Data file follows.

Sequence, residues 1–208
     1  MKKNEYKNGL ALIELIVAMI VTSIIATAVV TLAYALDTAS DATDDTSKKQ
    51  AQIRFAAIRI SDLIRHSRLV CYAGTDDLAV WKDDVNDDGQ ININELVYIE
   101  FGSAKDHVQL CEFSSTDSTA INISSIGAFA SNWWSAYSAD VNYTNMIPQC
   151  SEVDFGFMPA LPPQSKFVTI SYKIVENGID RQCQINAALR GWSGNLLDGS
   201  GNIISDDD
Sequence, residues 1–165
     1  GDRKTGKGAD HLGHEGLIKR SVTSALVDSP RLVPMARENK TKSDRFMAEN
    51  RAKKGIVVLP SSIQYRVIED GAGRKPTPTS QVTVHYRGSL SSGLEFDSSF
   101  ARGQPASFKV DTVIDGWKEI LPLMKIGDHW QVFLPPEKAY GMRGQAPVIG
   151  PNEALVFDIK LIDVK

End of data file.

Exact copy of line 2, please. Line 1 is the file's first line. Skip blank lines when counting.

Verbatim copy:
     1  MKKNEYKNGL ALIELIVAMI VTSIIATAVV TLAYALDTAS DATDDTSKKQ